The two types of dispersants BP is spraying in the Gulf are banned for use  on oil spills in the U.K. As EPA-approved products , BP has been using them in greater quantities than dispersants have ever been used  in the history of US oil spills.
BP is using two products from a line of dispersants called Corexit , which EPA data  appears to show is more toxic and less effective  on South Louisiana crude than other available dispersants, according to Greenwire.
We learned about the U.K. ban from a mention on the New York Times’ website. (The reference was cut from later versions of the article, so we can’t link to the Times, but we found the piece  elsewhere.) The Times flagged a letter  Rep. Edward Markey, Chairman of the House Subcommittee on Energy and Environment, sent to the EPA yesterday. The letter pointed out that both the Corexit products currently being used in the Gulf were removed from a list of approved treatments for oil spills in the UK more than a decade ago. (Here’s the letter .)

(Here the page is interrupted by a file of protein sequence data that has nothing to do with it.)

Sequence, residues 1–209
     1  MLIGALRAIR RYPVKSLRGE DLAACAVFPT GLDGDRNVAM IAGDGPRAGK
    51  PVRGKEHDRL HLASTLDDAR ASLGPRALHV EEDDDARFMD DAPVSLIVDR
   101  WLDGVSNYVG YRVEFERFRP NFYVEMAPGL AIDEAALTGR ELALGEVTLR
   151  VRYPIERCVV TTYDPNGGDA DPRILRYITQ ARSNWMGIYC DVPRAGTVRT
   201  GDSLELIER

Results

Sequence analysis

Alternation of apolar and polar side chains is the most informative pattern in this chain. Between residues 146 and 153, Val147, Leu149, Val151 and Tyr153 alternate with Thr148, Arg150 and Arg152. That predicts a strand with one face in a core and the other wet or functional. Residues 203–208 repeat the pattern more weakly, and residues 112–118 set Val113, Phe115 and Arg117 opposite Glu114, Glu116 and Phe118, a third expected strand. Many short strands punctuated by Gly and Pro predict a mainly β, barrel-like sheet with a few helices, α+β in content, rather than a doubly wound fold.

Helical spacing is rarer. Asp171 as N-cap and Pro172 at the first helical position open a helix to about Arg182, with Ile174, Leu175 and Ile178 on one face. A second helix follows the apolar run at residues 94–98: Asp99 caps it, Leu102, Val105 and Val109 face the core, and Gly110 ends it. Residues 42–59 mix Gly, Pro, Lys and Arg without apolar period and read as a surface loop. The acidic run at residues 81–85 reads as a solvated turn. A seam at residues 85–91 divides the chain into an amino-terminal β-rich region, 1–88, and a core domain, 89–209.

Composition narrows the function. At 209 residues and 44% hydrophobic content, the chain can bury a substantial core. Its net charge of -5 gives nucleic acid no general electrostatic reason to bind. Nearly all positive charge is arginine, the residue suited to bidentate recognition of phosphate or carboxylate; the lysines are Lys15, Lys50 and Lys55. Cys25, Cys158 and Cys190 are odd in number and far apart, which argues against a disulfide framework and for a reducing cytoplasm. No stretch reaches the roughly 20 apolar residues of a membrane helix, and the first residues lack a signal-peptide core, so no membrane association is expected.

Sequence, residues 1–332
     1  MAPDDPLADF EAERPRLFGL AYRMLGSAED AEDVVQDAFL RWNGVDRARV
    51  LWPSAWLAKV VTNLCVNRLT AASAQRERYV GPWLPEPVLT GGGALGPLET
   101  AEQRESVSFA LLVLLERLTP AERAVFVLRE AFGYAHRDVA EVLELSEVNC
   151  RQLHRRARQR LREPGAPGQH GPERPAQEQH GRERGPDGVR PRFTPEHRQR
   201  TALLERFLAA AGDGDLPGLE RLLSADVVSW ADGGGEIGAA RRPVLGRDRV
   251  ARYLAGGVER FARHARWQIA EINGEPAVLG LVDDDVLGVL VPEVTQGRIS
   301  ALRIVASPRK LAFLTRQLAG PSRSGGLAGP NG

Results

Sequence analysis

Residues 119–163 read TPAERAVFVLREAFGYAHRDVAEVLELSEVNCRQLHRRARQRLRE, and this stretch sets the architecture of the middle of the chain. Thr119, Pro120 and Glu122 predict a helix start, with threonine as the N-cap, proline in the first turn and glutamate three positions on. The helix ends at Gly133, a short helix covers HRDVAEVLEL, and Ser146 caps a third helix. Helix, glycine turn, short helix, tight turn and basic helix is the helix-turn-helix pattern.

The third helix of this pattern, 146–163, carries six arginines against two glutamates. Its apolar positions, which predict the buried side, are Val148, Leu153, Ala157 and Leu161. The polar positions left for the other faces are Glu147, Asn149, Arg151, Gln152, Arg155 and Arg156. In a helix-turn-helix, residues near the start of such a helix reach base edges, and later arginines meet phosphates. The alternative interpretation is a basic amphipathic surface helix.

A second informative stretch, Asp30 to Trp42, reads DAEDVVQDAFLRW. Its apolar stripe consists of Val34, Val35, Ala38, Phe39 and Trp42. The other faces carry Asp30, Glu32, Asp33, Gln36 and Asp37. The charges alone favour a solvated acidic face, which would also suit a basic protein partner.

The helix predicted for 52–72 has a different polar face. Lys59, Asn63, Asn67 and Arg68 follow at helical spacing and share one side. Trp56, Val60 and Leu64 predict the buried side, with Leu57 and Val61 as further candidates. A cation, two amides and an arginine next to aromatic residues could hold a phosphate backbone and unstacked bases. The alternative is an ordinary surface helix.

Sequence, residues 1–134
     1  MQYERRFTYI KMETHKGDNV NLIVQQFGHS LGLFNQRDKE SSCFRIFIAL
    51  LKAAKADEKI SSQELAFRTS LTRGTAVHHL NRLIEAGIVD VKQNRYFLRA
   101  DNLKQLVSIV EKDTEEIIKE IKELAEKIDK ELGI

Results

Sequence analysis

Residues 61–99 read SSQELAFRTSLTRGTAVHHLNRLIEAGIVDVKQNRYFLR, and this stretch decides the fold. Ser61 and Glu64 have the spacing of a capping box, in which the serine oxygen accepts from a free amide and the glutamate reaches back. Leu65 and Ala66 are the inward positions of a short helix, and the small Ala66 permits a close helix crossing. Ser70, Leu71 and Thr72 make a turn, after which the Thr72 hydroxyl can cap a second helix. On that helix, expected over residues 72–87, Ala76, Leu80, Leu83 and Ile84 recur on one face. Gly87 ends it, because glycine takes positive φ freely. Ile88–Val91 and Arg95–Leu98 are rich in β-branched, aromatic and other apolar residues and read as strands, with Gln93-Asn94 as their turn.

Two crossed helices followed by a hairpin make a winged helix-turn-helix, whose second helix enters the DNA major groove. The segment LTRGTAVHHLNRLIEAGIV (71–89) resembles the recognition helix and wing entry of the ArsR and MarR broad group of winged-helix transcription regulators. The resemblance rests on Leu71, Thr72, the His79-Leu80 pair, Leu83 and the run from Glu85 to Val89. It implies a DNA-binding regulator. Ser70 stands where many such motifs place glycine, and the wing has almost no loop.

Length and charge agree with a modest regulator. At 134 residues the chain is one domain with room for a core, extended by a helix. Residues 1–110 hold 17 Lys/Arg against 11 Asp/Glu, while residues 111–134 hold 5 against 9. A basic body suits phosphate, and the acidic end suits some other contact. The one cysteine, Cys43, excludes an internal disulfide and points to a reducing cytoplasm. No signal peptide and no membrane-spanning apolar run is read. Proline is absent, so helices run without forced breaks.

As we’ve reported, Corexit was also used after Exxon Valdez  and was “later linked with health impacts in people including respiratory, nervous system, liver, kidney and blood disorders.” One of the two Corexit products also contains a compound associated with “headaches, vomiting and reproductive problems at high doses .”
Given that the dispersants are EPA-approved, the choice on which ones to use was left to BP, which had stockpiled large amounts of Corexit and is now ordering more.